But there’s a portion who are willing to be generous with their travel tips.
This letter came in response to a January column in which Kate French of Vienna sought guidance on commuting from there to Crystal City. French wrote that Interstate 495 is “almost always great. It’s the rest of the drive that is torture. Metro takes way too long and is expensive.”
Dear Dr. Gridlock:
I made this run, between Vienna and the northernmost section of Crystal City, for several years. The most reliable route in terms of average speed, bailout options and general stress was as follows:
→Gallows Road to Lee Highway (Route 29).
→Exit Lee Highway to Hillwood Avenue in Falls Church.
→Hillwood to Arlington Boulevard (Route 50) via the Seven Corners intersection. That intersection is challenging, and the traffic signal cycles are long, but it was predictable.
→Exit Route 50 onto South Washington Boulevard, go past Fort Myer and under Interstate 395.
→Connect to Army-Navy Drive in Crystal City.
One variant on the return to Vienna: The Seven Corners exit to Hillwood Avenue entails an egregiously long traffic signal, so I would exit Route 50 a little farther west and snake through a neighborhood to get to Hillwood. (Remaining on Route 50 westbound beyond this point would be a crawl, because it narrows to two lanes at Seven Corners.)
Earl Boyanton, Vienna
DG: The next letter-writer, a professional engineer, is a frequent correspondent. He also saw French’s comments and made some points about the costs of driving vs. transit.
Dear Dr. Gridlock:
You quoted Kate French of Vienna about her slow and costly Metrorail ride to Crystal City as compared with her pleasant trips on I-495. She might honestly feel that way, but it is illogical.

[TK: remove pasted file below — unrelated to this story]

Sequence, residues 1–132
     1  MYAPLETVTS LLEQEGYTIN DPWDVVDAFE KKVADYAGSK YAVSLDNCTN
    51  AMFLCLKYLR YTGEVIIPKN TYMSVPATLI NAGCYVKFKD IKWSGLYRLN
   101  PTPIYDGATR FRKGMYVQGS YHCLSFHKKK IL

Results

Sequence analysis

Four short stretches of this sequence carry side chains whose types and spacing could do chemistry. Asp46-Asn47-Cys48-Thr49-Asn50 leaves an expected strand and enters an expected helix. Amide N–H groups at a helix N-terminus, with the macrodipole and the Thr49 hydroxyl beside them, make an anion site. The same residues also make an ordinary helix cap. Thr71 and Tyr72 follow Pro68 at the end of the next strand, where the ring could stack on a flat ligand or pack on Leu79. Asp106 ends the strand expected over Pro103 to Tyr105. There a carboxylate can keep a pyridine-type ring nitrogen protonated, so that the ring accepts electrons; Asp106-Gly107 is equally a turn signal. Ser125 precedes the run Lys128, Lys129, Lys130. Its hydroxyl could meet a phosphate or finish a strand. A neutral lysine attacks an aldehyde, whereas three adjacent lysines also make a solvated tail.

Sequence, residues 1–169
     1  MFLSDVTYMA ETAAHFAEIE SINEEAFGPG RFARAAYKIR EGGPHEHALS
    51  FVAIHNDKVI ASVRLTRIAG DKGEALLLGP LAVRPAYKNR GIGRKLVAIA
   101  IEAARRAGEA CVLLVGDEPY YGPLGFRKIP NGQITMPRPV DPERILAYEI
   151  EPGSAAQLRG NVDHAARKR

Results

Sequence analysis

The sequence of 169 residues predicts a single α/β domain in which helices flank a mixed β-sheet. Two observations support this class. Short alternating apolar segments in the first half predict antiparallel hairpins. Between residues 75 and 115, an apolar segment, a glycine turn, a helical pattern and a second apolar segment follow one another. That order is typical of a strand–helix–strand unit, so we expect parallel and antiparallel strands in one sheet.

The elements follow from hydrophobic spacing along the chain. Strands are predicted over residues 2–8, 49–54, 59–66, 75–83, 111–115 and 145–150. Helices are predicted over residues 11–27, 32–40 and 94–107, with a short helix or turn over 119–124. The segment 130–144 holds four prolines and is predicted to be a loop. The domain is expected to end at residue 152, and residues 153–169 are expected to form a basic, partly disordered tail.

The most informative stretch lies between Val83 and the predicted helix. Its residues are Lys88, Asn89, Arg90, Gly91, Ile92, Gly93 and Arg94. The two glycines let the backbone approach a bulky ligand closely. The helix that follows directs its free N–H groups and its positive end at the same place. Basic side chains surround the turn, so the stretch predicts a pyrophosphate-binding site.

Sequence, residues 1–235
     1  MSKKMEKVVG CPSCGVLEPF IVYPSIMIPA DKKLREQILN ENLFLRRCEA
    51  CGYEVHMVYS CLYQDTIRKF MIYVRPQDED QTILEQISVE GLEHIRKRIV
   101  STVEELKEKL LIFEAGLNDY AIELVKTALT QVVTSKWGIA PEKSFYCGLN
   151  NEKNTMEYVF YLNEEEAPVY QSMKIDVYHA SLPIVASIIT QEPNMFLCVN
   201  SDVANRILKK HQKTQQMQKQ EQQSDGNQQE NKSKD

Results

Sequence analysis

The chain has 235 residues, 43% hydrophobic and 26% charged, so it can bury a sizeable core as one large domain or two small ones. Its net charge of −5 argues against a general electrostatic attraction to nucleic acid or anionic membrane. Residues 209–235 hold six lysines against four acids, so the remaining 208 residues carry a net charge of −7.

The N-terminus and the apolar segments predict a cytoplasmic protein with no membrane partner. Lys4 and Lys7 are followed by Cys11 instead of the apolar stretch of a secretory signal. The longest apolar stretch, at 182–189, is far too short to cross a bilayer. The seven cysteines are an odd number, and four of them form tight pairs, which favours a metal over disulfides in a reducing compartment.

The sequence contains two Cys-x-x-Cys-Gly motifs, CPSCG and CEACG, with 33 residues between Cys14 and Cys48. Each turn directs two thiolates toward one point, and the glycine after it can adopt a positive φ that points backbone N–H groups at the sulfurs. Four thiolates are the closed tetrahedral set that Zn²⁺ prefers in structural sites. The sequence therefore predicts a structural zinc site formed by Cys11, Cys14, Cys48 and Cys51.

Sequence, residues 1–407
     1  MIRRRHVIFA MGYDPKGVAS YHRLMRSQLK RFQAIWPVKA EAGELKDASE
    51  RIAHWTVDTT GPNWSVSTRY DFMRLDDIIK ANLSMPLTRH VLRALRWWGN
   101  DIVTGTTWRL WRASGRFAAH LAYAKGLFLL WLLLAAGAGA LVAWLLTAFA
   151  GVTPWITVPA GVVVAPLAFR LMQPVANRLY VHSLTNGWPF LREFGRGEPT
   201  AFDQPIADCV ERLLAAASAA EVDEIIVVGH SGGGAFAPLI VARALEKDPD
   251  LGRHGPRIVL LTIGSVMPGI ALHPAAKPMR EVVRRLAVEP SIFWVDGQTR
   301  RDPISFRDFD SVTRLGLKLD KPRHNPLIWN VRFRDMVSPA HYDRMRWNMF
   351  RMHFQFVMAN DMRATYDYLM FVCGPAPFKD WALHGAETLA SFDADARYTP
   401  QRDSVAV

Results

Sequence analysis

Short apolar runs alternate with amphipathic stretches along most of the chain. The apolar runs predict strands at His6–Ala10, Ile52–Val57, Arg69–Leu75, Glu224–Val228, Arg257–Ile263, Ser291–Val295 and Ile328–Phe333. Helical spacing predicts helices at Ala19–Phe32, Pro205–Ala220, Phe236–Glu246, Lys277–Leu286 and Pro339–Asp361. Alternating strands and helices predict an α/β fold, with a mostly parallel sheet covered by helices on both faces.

There are 13 miles between Vienna and Crystal City, for a peak round-trip Metro fare of $10.50, which is about 40 cents per passenger-mile. AAA figures it costs $8,500 per year to own and operate a mid-size car, which is typically 63 cents per passenger-mile for a single occupant. Because French might own the car for trips other than commuting, she can deduct 16.5 cents per mile for ownership costs that she cannot save by riding Metrorail.
On the other hand, the insurance cost goes up for auto commuters over a 26-mile weekday round trip. Considering that, it is safe to say Metrorail at peak fare is 6.5 cents per mile less than the incremental auto cost. Metrorail will save her $424 per year compared with driving on I-495.
In part, I fault Metro for not advertising its low-cost travel. True, fares are higher here than most places, but that is because our local governments will not pay a fair share, as those in most other metropolitan areas do. Many have a sales tax just for transit. Portland, Ore., has a tax on employees, because most of them commute somehow.
When I was transit commissioner for Youngstown, Ohio, long ago, I had to make the schedules and fares, which by law had to provide a 6 percent return on the transit investment. If not, by law, I had to raise the fare. The bus system lost riders every year, so I had to raise fares to cover the loss of revenue.
At one point, the transit system ran newspaper ads promoting the big annual savings of commuting by transit. Bus riding increased while these ads ran, the only time ridership quit falling.
Ed Tennyson, Vienna
DG: I’m familiar with both sides of the cost argument, because I hear about it from readers whenever we test a driving commute vs. a Metrorail commute. They will want to add in layers of cost, such as the driver’s cost to park in the middle of the District and the Metro rider’s cost to park at an outer station. Others will note that both roads and rails are subsidized by taxpayers, adding another layer of cost.
The economics are complicated enough, but they don’t account for other factors, such as stress, that commuters also learn to take into account.